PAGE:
Herrmann had stated Hitchcock was one of the very few directors to ever invite him on the production set to discuss music for a scene, knowing it needed to marry to what the audience visually saw, to enhance their audio pleasure or fear. Alfred clearly understood the importance of a score how it worked in cutting or expanding a scene for duration of music to work exquisitely with sounding abrupt or frankly rudely ending premature.
His relationship with Hitchcock ended in 1966 with the production of another thriller called Torn Curtain, Alfred thought he was becoming dated and wanted the music to change with that of society. However, while Bernard initially agreed he later reverted back to his own conceptual design, it was Alfred who brought the uproar when realizing the music did not contain a more pop-music feel to it. Herrmann insisted he didn’t create pop-themed music, and Hitchcock didn’t make those types of films, in the end his score was rejected as well as creative control and was replaced with John Addison.
Each of these men tried later reconciling, but their working relationship was damaged, however a mutual friendship did exist though a murky thick fog, as families of each seem to muddy these men’s legacies on this topic. Hitchcock did ask Bernard to reteam with him for his final movie Family Plot , however he declined because had a full slate of films among them Brian de Palma’s Carrie and Larry Cohen’s God Told Me to compose scores in 1976, sadly none came to fruition as he died near the end of 1975.
In the 1990s two of Herrmann’s scores were adapted for two remakes, first highly celebrated composer Elmer Bernstein used his original Cape Fear pieces for Martin Scorsese’s film and include his rejected score for Torn Curtain. Then, secondly film composer Danny Elfman and orchestrator Steve Bartek used Bernard’s full Psycho score for director Gus Van Sant’s shot-for-shot thoroughly questionable remake of Psycho . His work was also praised by Quentin Tarantino and used in his flick Kill Bill: Volume 1 , sampled a whistling known as “Georgie’s Theme” from Twisted Nerve (1968) in a scene involving the assassin Elle Driver. In fact, Lady Gaga, used Herrmann’s opening theme from Vertigo in her ‘Born this Way’ video:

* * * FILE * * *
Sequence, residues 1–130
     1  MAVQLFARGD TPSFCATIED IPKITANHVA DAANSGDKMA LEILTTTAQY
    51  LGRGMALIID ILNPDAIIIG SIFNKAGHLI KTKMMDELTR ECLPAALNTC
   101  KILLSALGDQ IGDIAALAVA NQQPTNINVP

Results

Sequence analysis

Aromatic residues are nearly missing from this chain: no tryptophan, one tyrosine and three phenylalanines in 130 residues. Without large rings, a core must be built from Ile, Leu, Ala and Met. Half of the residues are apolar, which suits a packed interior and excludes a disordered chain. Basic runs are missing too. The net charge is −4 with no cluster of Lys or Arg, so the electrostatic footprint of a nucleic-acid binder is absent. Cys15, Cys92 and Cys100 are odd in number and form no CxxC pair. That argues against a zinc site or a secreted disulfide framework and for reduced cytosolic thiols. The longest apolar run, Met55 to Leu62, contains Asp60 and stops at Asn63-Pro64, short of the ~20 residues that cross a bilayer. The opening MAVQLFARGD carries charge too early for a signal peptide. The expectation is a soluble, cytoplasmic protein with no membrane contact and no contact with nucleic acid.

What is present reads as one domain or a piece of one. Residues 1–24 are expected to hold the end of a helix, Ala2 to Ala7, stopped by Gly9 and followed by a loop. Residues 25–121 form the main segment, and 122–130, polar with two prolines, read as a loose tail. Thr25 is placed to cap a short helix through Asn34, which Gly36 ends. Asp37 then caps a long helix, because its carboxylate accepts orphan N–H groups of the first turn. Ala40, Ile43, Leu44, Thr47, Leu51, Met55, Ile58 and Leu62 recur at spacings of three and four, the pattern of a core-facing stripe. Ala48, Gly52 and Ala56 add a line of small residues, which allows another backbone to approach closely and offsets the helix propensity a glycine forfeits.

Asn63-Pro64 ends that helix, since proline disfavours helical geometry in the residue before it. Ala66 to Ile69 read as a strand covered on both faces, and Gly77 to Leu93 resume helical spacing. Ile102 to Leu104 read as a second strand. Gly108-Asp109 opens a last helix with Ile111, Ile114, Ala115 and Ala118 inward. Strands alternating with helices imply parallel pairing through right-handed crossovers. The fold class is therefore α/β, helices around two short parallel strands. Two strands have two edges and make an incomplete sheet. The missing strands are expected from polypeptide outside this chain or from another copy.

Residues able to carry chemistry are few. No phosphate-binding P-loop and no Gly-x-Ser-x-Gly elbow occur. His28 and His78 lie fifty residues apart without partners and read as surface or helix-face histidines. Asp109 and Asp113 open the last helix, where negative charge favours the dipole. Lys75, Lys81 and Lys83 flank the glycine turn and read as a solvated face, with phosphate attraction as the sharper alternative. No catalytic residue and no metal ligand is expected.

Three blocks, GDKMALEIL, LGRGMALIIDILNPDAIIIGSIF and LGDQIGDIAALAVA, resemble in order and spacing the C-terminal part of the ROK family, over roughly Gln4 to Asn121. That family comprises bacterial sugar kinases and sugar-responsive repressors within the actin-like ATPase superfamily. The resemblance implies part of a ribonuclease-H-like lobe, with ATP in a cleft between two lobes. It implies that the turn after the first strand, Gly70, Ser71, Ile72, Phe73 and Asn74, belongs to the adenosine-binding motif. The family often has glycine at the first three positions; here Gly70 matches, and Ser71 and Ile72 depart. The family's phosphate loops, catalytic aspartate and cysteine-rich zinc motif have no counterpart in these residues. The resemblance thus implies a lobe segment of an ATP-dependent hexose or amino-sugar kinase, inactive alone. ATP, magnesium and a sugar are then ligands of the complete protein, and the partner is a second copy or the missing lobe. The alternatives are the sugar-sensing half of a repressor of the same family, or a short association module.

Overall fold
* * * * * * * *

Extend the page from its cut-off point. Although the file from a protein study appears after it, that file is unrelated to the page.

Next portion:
Vertigo’s Opening Theme:
One can easily hear the sampling in the beginning of Lady Gaga’s song and in the pilot episode of American Horror Story “Georgie’s theme” becomes the cue of the Tate character. Clearly one sees the usage of Bernard’s skills carrying over into other composers’ work, for example Danny Elfman, who often notes Herrmann as his biggest influence, when he, as a child, first heard The Day the Earth Stood Still and realized how powerful a composer’s contribution truly is to movies. Elfman’s Batman incorporates Herrmann’s Vertigo for the Joker character and gave homage to his classic skills in Mars attacks  and the film Hitchcock .
Other famous composers often reference Herrmann’s works and consider him inspirations for their scores, among them most notable is first Graeme Revell, who adapted Bernard’s Psycho score for the television film Psycho IV: The Beginning  and for his score on Child’s Play 2  he brought elements very similar to Herrmann’s composition of Sisters , ever since then there have been times, he’s acknowledged this maestro for his creative insights. Nevertheless, one cannot omit Richard Band, who worked on Re-Animator  clearly borrows from Bernard’s Psycho score.